Immortal Hulk #30 Review

by Charles Martin on January 29, 2020

Immortal Hulk #30 Review
Writer: Al Ewing
Penciller: Joe Bennett
Inkers: Ruy José, Belardino Brabo & Cam Smith
Colourist: Paul Mounts
Letterer: Cory Petit
Publisher: Marvel Comics

Once again, a giant action scene serves as the knot that draws this title's characters together. The Hulk has been swallowed by a monster and his Shadow Base pals race to help him. Gamma Flight deploys to fight the monsters, while Jackie McGee is directly threatened by them. And the Minotaur gets to watch it all play out on live TV.

Mild spoiler: The Minotaur is the only person who comes out of this ahead.

Getting eaten alive and attacked by parasites has had a significant effect on the Hulk; he's locked into his furious smash-monster personality throughout this issue. Al Ewing writes smash-monster Hulk well (Len Wein would be proud), and the simplicity of this personality leaves a lot of attention available for the other characters. They have some great interactions, and there's a fair deal of humour in them.

This is a big monster fight first and foremost, and thanks to Joe Bennett's horrifically imaginative art, it's an impressive one. The inking team turns in yet another overtime performance to shape heroes and monsters alike with scrupulously detailed hash-shading. 

Colourist Paul Mounts gets into the act as well, using palette tricks to round out the job of bringing the action to life. I'm particularly impressed with the way he adds blues and greys to the Harpy's red to plant her solidly in the nighttime sky.

In terms of plot and theme, the thing to watch in this issue is the media. The Phoenix fight is being broadcast live, and we get to hear exactly how they're messing up the Hulk's narrative. Their errors range from the incidental -- misnaming Titania as "Terrania" -- to the consequential: By the end of the issue, they've firmly laid the blame for the attack at the Hulk's feet.

Which is, of course, exactly what the Minotaur was hoping for. And his plans continue unfolding in his favour; this issue's final twist draws his schemes together and clarifies how he's hoping to defeat the Hulk.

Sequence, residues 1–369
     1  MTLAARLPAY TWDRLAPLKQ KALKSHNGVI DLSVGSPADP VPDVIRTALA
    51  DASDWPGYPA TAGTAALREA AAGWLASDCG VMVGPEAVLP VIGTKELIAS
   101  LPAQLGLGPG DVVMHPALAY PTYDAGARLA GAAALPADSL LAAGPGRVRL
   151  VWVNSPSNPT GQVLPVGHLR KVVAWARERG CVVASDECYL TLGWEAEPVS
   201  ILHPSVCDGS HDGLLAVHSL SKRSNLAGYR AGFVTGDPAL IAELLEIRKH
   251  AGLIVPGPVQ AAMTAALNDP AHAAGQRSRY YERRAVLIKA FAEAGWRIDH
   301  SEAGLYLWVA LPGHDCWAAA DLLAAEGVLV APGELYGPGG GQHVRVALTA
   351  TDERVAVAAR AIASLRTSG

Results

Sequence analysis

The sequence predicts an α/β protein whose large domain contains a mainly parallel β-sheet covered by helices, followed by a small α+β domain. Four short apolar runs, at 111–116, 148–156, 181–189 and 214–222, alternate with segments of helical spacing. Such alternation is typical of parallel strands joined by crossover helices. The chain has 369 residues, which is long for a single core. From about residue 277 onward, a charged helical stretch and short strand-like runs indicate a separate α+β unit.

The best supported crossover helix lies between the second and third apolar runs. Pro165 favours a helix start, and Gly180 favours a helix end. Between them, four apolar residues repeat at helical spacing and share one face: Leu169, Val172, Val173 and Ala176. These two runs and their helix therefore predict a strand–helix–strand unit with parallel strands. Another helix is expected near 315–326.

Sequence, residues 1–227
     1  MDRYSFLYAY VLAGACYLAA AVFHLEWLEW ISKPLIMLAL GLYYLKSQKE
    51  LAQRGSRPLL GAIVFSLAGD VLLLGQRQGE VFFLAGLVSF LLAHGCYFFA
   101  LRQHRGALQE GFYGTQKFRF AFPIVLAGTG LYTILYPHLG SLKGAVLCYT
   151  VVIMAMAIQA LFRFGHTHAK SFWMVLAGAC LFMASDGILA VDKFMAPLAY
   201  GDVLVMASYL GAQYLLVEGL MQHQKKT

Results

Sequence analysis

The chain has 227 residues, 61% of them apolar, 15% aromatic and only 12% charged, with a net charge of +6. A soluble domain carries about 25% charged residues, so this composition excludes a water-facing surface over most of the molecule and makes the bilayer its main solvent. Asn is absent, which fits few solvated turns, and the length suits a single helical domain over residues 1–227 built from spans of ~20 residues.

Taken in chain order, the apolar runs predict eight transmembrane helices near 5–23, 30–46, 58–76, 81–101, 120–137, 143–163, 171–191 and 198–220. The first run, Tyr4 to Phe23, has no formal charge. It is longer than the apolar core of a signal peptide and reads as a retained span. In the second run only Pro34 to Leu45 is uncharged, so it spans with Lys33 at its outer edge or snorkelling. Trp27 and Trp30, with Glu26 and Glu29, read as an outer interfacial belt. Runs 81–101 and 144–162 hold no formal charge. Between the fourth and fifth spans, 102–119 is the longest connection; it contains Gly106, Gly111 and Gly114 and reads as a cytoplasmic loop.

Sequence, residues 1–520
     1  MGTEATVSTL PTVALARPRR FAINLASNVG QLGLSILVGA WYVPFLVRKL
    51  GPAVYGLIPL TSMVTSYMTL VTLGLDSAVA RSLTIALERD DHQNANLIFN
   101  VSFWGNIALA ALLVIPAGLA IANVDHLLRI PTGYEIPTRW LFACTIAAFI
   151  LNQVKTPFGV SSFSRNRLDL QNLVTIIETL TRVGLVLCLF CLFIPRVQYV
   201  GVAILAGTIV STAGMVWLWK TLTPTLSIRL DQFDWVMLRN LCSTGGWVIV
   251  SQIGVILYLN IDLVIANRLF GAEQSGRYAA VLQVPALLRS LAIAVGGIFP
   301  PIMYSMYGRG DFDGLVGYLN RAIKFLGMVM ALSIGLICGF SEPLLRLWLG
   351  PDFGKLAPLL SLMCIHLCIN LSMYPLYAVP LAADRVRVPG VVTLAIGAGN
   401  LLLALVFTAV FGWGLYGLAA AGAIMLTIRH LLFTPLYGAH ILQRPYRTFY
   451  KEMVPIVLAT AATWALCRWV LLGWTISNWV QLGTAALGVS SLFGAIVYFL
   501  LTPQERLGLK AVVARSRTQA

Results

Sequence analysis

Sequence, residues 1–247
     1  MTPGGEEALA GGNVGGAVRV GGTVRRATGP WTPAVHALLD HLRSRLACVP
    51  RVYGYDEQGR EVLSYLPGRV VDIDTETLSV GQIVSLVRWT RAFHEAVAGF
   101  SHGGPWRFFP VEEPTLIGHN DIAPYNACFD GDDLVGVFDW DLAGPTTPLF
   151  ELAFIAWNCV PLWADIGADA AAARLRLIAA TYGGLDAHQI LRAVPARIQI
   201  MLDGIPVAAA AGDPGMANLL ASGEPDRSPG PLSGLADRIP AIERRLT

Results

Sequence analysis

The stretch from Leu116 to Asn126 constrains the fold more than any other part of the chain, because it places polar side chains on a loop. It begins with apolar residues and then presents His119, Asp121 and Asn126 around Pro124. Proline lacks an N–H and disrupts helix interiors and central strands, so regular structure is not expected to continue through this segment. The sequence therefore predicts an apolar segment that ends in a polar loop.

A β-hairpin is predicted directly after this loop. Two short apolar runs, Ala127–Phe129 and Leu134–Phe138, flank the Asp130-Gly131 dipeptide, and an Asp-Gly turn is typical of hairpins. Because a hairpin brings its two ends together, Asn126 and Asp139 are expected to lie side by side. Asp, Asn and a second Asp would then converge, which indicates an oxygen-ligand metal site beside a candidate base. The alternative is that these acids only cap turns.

I think it is the furthest thing in the world from accidental that, while the press is turning against the Hulk, his reporter friend Jackie McGee is silenced by mortal danger. (One of Roxxon's monsters is eating her building.) 

One of the running themes in the Hulk's war on Roxxon is public perception. The Hulk made his initial battles very public, rallying popular support and broadcasting his message around the world. Now the pendulum begins to swing the other way, and the same public spotlight he made use of becomes a threat to the Hulk. It's an insightful and realistic portrayal of how fickle the media can be.

Immortal Hulk #30 delivers exactly what this title does best: Visceral action combined with big ideas. Whether you want to see the Hulk and his friends tear apart monsters or you're looking for a thoughtful exploration of the perils of 21st-century media, this comic will satisfy. And when you're in the mood for both smashing and pondering, picking up this title's latest issue is still the best move you could make at the comics shop. 

Our Score:


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Charles Martin's picture
Minotaur gives another of his corporate lackeys the ol' head-squash in this issue. How does Roxxon keep staffing those positions?